As you can see, 3D printing has become a signature capability for the world’s highest-performing engineering organizations. It’s putting their designers and engineers in a better position to align their goals – great design – with those of their organizations. They can now explore more ideas while saving money. They can present iterations in a way that encourages group development. They can inspire prospective customers. They can get the green light to make their designs real. They can create more, and see their creations succeed in the marketplace.
Meanwhile, architects are seizing these same benefits, and 3D printing is finding an increasingly important role in a rapidly expanding range of exciting new markets.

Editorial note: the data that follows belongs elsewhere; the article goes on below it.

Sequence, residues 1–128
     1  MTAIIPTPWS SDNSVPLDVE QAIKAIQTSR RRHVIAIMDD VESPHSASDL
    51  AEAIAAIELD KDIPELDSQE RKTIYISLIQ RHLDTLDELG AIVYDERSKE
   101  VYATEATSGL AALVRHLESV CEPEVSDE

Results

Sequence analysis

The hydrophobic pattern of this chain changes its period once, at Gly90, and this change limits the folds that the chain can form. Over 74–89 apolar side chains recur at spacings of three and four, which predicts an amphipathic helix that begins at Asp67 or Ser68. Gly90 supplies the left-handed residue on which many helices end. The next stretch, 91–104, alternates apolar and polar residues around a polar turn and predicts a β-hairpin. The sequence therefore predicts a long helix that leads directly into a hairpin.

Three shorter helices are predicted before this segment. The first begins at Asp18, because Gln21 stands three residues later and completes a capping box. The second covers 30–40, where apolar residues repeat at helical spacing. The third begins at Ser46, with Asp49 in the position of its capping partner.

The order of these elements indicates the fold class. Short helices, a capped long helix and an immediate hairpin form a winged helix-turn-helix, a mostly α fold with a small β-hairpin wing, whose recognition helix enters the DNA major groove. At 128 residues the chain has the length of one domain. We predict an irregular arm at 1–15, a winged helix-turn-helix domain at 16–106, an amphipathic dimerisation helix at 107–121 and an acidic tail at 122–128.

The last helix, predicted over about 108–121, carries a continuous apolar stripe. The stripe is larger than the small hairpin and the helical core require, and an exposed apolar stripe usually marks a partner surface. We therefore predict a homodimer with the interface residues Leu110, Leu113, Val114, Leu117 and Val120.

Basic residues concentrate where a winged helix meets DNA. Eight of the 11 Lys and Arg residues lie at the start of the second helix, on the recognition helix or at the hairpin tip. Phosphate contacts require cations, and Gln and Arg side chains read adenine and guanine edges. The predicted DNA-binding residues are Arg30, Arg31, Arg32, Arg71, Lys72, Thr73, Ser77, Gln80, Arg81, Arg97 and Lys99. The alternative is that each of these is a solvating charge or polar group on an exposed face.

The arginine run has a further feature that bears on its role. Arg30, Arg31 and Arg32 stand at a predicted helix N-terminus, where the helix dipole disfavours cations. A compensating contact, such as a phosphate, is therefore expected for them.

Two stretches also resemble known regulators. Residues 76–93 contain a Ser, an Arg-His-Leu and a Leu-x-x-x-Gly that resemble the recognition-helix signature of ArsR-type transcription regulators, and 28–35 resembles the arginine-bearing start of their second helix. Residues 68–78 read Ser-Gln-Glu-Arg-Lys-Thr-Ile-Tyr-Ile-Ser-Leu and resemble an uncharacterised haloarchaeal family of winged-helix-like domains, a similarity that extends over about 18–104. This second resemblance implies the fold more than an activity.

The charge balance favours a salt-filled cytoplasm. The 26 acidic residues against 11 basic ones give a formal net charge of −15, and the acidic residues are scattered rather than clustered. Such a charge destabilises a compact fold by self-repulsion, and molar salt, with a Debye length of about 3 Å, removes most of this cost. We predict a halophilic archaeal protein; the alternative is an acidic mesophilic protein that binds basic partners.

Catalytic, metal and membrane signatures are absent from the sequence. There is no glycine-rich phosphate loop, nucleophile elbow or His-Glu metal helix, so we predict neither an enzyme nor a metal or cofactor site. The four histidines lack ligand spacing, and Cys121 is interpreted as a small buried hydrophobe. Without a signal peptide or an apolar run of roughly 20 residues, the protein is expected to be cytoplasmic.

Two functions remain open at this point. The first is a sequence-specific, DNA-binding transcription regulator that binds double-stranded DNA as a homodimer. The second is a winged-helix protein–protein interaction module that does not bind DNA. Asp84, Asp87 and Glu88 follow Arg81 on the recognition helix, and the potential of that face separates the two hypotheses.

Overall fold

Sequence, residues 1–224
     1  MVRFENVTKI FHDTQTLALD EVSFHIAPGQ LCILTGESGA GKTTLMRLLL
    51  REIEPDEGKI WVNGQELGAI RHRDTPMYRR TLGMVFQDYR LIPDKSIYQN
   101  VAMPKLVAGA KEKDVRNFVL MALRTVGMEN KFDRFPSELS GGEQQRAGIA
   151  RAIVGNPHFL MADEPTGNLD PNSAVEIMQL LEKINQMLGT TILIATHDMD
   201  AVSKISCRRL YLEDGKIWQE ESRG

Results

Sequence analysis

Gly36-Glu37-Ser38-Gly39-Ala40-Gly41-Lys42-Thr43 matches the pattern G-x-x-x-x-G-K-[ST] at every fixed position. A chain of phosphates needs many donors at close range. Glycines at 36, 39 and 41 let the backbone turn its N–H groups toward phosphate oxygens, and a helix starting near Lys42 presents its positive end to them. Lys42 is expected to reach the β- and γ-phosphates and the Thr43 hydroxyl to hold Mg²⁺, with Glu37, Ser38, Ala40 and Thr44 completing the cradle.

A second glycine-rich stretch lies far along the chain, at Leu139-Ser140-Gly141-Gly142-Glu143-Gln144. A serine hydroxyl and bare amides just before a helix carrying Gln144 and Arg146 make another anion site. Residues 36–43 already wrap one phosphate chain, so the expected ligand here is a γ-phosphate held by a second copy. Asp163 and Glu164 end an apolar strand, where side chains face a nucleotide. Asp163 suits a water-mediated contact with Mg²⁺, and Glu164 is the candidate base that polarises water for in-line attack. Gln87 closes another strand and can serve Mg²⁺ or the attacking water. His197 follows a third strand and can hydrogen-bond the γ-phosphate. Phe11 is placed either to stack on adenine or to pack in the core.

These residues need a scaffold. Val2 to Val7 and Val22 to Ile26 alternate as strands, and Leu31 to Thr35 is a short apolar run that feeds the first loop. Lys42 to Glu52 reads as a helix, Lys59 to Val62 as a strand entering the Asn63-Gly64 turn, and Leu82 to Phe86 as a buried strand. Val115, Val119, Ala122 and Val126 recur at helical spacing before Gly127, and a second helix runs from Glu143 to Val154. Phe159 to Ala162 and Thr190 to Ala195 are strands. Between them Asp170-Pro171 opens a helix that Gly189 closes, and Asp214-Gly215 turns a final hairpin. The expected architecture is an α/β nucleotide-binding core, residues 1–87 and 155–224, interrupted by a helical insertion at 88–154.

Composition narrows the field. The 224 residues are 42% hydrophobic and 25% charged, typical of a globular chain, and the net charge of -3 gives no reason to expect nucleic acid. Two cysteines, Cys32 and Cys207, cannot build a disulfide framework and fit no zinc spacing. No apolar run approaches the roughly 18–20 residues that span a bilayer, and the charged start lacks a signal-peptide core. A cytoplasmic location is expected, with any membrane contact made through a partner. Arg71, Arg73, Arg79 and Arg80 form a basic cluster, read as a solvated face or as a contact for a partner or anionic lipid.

Although printing a city is still a fantasy, and that coffee maker is still slightly out of reach, the next time you hear about the wonders of 3D printing in the future, know that in many industries, the future is now.
Want more information? Click below.
Rate this article